Especially if you happen to be one of those unflinchingly ambitious micro-business entrepreneurs, I’ve been reading about everyday in pubs like Crain’s Chicago Business, you’ll eventually find that designing and offering up an attractive employee-benefits package will be an essential component of your future growth. An attractive health plan will do just that – attract – helping you recruit and retain crucial employees (meaning those fought over creative class/knowledge worker types Richard Florida is always yammering about). You’ll also find that a generous group plan will help link your employees' interests to your concern’s.
That said, there are a seemingly unlimited number of group benefits options to consider. One that you’ll want to move to the top of your list is a Cafeteria Plan. The cafeteria brand of benefit plan can add a lot freedom to a employee compensation package, allowing your workforce to choose benefits options ala carte, if you will – selecting only the benefit options they’re most interested in.
Perhaps I should start closer to the beginning … cafeteria plans, also known as the flexible spending account, the choice spending account or the section 125 plan, have become increasingly popular over the last few years because they’re designed to offer employees a truly convenient way to pay medical expenses with pre-tax dollars; relieving them of the burden of federal, and state taxes.
To take advantage of a flexible spending account, eligible employees set aside a pre-designated amount each year, in order to pay for medical expenses aren’t already eligible for coverage. The two most common types of flexible-spending accounts are dependent care reimbursement (also known as DCRAs) and health care reimbursement accounts. Employees pay for non-reimbursed expenses from these accounts. Unfortunately, flexible-spending accounts are "use-it-or-lose-it" accounts; meaning that any funds leftover at the end of the year can’t be “rolled over,” so to speak.
Exceptions To Those Limits Apply to Key Employees
Typically, funds set aside in a cafeteria plan's flexible-spending account are exempt from income, payroll, and unemployment taxes. This exemption generally also applies to payroll and unemployment taxes paid on behalf of employees. (Take a look at IRS Pub. 15-B for exceptions, including treatment of highly compensated employees and certain shareholders of Subchapter S Corporation’s.)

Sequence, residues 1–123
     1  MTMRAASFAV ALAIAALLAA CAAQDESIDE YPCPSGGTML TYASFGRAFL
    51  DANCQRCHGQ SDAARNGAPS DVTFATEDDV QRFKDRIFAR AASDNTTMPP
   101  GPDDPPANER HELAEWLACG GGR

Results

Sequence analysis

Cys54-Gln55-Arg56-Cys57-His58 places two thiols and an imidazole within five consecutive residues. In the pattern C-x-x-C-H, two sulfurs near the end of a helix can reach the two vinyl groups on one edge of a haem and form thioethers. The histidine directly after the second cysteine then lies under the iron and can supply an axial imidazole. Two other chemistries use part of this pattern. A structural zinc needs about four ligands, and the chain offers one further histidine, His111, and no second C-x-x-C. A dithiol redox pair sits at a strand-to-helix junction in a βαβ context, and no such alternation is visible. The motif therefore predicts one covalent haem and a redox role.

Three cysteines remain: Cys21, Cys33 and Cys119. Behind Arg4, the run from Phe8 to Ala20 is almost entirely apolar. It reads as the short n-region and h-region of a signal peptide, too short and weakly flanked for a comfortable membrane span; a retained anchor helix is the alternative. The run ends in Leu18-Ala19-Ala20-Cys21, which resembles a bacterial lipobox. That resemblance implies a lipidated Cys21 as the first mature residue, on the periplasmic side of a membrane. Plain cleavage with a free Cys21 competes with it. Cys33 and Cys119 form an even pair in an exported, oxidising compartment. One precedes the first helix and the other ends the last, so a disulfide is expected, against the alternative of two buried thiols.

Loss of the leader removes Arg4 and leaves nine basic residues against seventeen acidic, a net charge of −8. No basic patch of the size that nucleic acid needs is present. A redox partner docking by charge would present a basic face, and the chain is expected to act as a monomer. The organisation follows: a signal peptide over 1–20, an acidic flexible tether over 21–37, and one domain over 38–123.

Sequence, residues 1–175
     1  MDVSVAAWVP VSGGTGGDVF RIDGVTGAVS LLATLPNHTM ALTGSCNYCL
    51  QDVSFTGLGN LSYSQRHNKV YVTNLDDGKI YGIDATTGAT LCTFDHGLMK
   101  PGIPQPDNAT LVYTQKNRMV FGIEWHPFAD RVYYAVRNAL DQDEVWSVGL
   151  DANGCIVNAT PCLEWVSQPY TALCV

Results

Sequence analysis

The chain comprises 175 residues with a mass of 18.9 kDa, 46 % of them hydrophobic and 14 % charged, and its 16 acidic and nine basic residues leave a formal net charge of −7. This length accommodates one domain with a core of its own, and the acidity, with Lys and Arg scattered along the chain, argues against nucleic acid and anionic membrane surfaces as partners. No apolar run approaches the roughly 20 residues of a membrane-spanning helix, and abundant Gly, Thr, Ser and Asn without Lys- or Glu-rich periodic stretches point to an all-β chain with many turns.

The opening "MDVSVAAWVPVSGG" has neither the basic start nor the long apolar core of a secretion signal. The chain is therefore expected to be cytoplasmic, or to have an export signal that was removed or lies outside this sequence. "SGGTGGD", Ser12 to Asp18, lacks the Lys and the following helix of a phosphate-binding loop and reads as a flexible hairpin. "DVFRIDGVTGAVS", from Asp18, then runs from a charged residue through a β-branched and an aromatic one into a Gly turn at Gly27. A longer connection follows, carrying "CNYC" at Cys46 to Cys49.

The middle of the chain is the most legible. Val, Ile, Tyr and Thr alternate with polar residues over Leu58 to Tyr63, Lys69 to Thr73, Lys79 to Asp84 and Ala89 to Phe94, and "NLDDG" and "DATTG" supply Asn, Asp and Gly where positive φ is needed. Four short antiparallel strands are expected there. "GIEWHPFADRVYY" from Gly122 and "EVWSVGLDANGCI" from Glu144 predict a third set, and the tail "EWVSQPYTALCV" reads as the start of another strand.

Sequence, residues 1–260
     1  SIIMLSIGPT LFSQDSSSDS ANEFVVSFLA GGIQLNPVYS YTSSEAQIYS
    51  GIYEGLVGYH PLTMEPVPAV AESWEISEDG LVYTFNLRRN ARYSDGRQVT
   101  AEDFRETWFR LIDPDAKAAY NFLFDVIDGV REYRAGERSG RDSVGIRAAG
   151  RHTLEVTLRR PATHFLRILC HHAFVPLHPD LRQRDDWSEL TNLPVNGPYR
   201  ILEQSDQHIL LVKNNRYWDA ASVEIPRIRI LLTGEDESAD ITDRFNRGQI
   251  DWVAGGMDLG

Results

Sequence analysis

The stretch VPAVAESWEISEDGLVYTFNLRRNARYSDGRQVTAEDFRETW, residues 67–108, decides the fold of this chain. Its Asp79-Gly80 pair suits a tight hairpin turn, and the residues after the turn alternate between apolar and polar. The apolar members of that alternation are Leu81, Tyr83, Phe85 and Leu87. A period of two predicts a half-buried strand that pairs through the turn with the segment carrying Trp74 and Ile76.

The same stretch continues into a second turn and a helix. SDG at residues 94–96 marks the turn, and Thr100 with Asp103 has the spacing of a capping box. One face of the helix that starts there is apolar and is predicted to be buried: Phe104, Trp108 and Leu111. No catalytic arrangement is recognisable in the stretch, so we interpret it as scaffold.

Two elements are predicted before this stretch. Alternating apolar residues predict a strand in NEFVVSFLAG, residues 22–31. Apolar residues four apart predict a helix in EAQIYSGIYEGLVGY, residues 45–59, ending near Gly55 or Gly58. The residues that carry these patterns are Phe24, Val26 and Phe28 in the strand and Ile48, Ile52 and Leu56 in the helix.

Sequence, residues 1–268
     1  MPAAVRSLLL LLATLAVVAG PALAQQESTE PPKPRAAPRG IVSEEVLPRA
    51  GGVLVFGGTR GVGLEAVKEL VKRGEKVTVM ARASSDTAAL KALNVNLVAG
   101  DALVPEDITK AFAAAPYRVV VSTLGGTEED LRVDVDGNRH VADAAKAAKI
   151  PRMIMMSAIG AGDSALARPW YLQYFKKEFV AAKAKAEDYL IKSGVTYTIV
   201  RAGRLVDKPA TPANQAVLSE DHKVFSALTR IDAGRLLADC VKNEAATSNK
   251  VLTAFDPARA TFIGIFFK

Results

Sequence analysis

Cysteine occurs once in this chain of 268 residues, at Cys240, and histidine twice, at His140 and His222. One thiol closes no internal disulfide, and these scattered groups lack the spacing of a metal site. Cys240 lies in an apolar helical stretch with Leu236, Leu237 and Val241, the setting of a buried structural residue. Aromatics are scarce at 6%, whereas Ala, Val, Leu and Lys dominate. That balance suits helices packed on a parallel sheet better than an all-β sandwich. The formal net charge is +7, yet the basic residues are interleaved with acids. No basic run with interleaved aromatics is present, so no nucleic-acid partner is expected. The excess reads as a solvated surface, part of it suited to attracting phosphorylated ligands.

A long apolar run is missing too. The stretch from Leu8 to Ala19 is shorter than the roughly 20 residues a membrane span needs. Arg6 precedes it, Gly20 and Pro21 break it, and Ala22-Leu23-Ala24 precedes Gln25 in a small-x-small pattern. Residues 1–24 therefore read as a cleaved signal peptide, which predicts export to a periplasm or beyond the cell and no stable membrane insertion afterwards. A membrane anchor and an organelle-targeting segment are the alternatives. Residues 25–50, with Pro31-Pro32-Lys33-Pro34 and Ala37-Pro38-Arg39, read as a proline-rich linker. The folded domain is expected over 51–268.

Premiums paid to a group life benefits policy are typically exempt from income and unemployment taxes. In addition, premiums paid for up to $50,000.00 of benefits coverage per employee tend to be exempt from payroll taxes. For additional details, see IRS Publication 15-B.
You see, cafeteria plans offer you some versatility in putting together a benefits plan for your workforce. There are other categories of fringe benefits that you can offer your employees in a cafeteria plan that may be excluded from taxable income under IRS benefit-exclusion rules. Using a flexible-spending account -- namely, establishing a DCRA and HCRA -- may help to jump-start a cafeteria plan for your workforce. If you maintain a cafeteria plan, the IRS requires you to complete IRS Form 5500.
To help you keep track of employment-related costs, the U.S. Bureau of Labor Statistics (BLS) publishes a quarterly statistic called the employment cost index. The cost index measures changes in employee-compensation costs, which include salaries, wages, and benefits. In addition to publishing the quarterly cost index, BLS publishes an annual survey of compensation costs.
One last thing … the information above is practically for entertainment purposes and shouldn’t be interpreted as financial advice. For advice specific to your firm’s circumstances, don’t hesitate get advice from a financial, tax or benefits consultant. You may even want to flat out hire an Interim benefits consultant or a full service benefits consulting firm. There are also a number of good sources of information on the Web you can take advantage of. The Employee Benefits Research Institute (EBRI), International Foundation of Employee Benefit Plans (IFEBP), and American Benefits Council are independent sources of truly “actionable” employee-benefit plan information.
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